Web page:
If fertilization is needed, weekly dosing is certainly preferable, and a day following the water change. The relatively-minimal level of minerals in Flourish will be exhausted after a week. And consistency is much better for the plants and fish and the biological system.

Byron.
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Old 08-24-2011, 07:09 PM   #10
 
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Originally Posted by Byron View Post
Well, I hope I can offer some help sometimes. On the light first, over a 55g which I assume is the standard 4-foot length I would recommend 48-inch tubes. At this point, you have 3 options. A single tube T8, dual-tube T8, or single tube T5. T5 come in NO (normal output) and HO (high output) and there may be another even higher, but that is too much. A single T8 with a good tube will allow you to grow low and moderate light plants, including most swords (the red leaf varieties may need more light intensity). A single T5 with an HO tube (the NO are very hard to come by, they are basically identical to T8 in the same type of tube) will provide more intense light. And the dual T8 a bit more. Personally, |I would go with the single tube T8 or T5. Yea\rs ago i had a single tube T12 (the "fore-runner" of T8) and I had nice plant growth from swords and similar moderate-light plants. Today if given the choice, I would probably go with the T5 single tube, which is about equal to one and a half T8's in intensity, given the same type of light. Different spectrum provides different intensity, etc., so one has to be careful to compare apples to apples and not apples to oranges.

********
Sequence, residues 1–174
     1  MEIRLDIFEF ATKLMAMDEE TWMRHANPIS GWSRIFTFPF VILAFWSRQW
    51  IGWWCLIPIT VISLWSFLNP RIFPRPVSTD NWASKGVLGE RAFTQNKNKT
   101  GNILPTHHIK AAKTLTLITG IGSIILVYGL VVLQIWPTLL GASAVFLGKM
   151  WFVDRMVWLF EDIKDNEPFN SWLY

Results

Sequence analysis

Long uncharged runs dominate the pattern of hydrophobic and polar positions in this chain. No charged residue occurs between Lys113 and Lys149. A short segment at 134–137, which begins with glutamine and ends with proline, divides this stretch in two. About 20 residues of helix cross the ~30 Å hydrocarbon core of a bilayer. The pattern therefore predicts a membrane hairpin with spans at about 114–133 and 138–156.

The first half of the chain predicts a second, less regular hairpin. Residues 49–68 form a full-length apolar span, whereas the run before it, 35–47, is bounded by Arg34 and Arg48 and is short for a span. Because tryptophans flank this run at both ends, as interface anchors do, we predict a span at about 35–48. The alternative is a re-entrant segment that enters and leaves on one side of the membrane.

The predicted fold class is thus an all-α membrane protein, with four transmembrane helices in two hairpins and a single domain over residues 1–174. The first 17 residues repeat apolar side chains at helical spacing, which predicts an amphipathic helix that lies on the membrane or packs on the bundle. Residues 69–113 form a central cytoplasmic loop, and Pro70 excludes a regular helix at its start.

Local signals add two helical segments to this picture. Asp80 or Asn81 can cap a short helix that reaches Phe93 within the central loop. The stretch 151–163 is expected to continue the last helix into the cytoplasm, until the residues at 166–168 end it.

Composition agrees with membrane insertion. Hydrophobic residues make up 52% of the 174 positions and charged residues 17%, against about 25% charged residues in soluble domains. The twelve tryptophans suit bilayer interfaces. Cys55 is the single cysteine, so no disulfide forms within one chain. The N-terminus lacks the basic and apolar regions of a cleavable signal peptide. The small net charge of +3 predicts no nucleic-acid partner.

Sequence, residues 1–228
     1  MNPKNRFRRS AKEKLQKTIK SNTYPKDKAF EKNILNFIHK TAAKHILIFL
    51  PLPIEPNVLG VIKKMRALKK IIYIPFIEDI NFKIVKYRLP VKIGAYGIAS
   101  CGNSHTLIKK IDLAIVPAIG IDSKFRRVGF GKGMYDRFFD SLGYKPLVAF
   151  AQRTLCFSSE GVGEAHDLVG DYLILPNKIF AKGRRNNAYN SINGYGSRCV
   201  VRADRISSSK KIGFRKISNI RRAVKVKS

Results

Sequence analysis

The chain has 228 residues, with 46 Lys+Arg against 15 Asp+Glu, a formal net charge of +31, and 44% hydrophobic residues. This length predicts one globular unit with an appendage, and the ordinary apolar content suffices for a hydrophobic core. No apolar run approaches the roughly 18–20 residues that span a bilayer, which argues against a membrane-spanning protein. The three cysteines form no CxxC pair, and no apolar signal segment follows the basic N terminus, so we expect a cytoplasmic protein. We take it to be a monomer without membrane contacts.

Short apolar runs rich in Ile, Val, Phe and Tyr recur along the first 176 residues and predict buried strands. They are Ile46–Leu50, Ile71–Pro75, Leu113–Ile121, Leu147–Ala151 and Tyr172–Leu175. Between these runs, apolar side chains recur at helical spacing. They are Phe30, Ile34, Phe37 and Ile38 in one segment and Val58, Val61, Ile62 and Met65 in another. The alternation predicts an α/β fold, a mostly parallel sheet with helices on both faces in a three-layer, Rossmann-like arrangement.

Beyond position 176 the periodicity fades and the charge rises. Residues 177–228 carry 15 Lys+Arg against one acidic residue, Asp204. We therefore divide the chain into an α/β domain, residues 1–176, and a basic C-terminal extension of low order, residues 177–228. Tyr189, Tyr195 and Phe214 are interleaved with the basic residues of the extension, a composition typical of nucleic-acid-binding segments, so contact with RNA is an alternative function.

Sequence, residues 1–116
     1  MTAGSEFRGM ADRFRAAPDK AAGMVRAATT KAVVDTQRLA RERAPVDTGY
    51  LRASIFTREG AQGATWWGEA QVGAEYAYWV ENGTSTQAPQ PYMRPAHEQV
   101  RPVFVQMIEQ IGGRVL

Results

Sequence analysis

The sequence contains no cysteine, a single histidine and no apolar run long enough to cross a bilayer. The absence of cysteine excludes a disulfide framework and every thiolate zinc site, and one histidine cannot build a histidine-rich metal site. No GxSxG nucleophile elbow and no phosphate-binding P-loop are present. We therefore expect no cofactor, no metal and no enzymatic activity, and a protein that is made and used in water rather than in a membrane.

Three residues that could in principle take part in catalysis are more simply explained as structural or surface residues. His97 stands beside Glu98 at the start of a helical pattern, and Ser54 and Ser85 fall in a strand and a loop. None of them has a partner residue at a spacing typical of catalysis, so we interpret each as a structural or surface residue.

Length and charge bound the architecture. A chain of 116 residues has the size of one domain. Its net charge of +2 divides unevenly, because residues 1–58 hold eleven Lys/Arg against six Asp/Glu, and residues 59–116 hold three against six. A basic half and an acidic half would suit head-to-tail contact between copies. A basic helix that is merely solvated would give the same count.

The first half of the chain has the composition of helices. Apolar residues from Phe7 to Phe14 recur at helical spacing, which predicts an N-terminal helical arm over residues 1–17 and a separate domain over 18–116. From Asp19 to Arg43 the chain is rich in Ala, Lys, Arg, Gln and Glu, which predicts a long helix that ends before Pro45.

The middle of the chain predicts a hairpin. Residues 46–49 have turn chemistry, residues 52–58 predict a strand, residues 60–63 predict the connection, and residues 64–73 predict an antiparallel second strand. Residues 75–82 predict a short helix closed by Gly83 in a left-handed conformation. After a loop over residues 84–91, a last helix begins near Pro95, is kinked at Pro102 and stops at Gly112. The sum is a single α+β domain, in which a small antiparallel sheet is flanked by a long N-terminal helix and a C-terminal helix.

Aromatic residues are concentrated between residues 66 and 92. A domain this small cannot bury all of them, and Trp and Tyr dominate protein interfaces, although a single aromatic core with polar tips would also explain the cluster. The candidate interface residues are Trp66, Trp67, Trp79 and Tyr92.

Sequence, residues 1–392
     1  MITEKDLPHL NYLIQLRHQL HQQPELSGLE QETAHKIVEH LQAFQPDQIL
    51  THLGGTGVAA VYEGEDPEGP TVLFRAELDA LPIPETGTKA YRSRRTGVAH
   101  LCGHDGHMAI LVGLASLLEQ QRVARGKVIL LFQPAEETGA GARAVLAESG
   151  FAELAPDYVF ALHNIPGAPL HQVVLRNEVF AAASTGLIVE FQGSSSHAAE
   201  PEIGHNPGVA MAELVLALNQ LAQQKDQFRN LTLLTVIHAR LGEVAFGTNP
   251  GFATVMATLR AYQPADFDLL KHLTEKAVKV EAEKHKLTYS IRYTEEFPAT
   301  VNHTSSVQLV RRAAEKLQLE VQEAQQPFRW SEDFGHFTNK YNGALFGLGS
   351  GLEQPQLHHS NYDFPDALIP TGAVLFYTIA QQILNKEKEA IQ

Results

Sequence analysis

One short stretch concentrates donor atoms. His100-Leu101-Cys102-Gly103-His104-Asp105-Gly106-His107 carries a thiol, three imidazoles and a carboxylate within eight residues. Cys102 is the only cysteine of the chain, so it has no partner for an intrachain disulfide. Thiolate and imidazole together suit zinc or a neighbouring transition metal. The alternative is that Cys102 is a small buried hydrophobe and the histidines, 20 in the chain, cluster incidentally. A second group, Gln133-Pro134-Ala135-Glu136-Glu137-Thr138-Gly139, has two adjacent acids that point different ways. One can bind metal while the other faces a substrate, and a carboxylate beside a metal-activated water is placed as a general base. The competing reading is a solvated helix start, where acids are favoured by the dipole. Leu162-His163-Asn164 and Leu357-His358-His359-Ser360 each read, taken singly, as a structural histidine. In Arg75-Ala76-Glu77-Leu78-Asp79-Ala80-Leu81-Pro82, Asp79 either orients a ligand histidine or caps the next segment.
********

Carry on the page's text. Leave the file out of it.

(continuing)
Without replacing the fixture, you could try different tubes. Hagen make the "Glo" series, and although I prefer Life-Glo for spectrum and intensity, the Power-Glo is more intense light but casts a purplish hue which I personally do not like. They are not inexpensive tubes. If it were me, I would consider a new 48-inch tube fixture for the money.

On the ferts, it is not easy to recommend something because every aquarium is different. The nutrients in your tap water (the harder the water the more minerals), the level of organics in the tank (number of fish, size of fish, type of foods and frequency of feeding--all this impacts nutrient availability), and the light all figure into the "balance." I have very soft water, meaning no minerals period. That means I have no calcium, magnesium, sulphur, copper, iron, etc. occurring from water changes, so I have to supply them via fertilizers. Even among my 7 tanks, I notice variation, obviously due to the different biological balance in each tank.

If fertilization is needed, weekly dosing is certainly preferable, and a day following the water change. The relatively-minimal level of minerals in Flourish will be exhausted after a week. And consistency is much better for the plants and fish and the biological system.

Byron.
Ahhh sorry, I read your post like weeks ago and just realized I never replied! Thanks Byron, that really helped a lot! It's time to get these plants growing again!